1. Computerized data storage and electronic mail were to have heralded the paperless office. But, contrary to expectation, paper consumption throughout the world shows no sign of abating. In fact, consumption, especially of printing and writing papers, continues to increase. World demand for paper and board is now expected to grow faster than the general economic growth in the next 15 years. Strong demand will be underprinted by the growing industrialization of South East Asia, the reemergence of paper packaging, greater use of facsimile machines and photocopiers, and the popularity of direct -mail advertising. It is possible that by 2007, world paper and board demand will reach 455 million tonnes, compared with 241 million tonnes in 1991.
2. The pulp and paper industry has not been badly affected by the electronic technologies that promised a paperless society. But what has radically altered the industry’s structure is pressure from another front-a more environmentally conscious society driving an irreversible move towards cleaner industrial production. The environmental consequences of antiquated pulp mill practices and technologies had marked this industry as one in need of reform. Graphic descriptions of deformed fish and thinning populations, particularly in the Baltic Sea where old pulp mills had discharged untreated effluents for 100 years, have disturbed the international community.
3. Until the 1950s, it was common for pulp mills and other industries to discharge untreated effluent into rivers and seas. The environmental effects were at the time either not understood, or regarded as an acceptable cost of economic prosperity in an increasingly import-oriented world economy. But greater environmental awareness has spurred a fundamental change in attitude in the community, in government and in industry itself.
4. Since the early 1980s, most of the world-scale pulp mills in Scandinavia and North America have modernized their operations, outlying substantial amounts to improve production methods. Changes in mill design and processes have been aimed at minimizing the environmental effects of effluent discharge while at the same time producing pulp with the whiteness and strength demanded by the international market. The environmental impetus is taking this industry even further, with the focus now on developing processes that may even eliminate waste-water discharges. But the ghost of the old mills continues to haunt industry today. In Europe, companies face a flood of environment-related legislation. In Germany, companies are now being held responsible for the waste they create.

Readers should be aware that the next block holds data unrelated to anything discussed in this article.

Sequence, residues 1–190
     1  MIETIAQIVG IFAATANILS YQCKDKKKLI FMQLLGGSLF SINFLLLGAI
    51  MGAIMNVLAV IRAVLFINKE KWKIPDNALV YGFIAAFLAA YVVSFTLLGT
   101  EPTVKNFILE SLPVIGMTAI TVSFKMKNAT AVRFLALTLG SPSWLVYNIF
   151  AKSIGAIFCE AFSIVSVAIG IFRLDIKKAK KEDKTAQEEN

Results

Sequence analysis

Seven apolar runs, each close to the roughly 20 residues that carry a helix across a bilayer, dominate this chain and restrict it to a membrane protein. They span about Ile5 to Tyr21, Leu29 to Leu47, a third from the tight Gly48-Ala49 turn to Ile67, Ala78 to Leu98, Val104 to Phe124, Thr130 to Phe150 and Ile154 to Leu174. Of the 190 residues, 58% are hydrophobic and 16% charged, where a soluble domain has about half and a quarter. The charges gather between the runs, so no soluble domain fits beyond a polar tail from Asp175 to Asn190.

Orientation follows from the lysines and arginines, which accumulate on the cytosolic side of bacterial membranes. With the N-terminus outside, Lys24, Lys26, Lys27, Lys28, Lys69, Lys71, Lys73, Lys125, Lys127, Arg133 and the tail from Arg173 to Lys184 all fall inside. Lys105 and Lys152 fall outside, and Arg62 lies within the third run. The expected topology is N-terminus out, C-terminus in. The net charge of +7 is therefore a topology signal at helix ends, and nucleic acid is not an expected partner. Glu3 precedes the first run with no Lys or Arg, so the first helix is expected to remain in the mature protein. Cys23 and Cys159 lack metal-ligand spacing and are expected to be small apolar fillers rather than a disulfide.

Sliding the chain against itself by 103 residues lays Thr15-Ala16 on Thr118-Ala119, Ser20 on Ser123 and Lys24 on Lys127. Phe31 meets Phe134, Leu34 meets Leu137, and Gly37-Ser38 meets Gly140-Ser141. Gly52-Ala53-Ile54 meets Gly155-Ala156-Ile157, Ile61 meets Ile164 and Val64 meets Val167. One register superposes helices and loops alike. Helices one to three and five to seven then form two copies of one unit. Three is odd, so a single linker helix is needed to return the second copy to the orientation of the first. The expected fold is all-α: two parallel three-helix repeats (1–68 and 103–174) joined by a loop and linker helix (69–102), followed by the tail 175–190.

5. Pulp is the porridge -like mass of plant fibers from which paper is made. Paper makers choose the type of plant fibre and the processing methods, depending on what the end product will be used for: whether it is a sturdy packing box, a smooth sheet of writing paper or a fragile tissue. In wood, which is the source of about 90% of the world’s paper production, fibres are bound together by lignin, which gives the unbleached pulp a brown colour. Pulping can be done by mechanical grinding, or by chemical treatment in which woodchips are “cooked” with chemicals, or by a combination of both methods.
6. Kraft pulping is the most widely used chemical process for producing pulp with the strength required by the high-quality paper market. It is now usually carried out in a continuous process in a large vessel called digester. Woodchips are fed from a pile into the top of the digester. In the digester, the chips are cooked in a solution called white liquor, nosed of caustic soda (sodium hydroxide) sodium sulphide. The chips are cooked at high temperatures of up to 170 degree for up to three hours. The pulp is then washed and rate from the spent cooking liquor which has turned dark and is now appropriately ailed black liquor. An important feature of kraft pulping is a chemical recovery system which recycles about 95 % of the cooking chemicals and produces more than enough energy runs the mill. In a series of steps involving a furnace and tanks, some of the black liquor is transformed into energy, while some is regenerated into the original white cooking liquor. The pulp that comes out has little lignin left in the fibres. Bleaching removes the last remaining lignin and brightens the pulp. Most modern mills have modified their pulping process to remove as much of the lignin as possible before the pulp moves to the bleaching stage.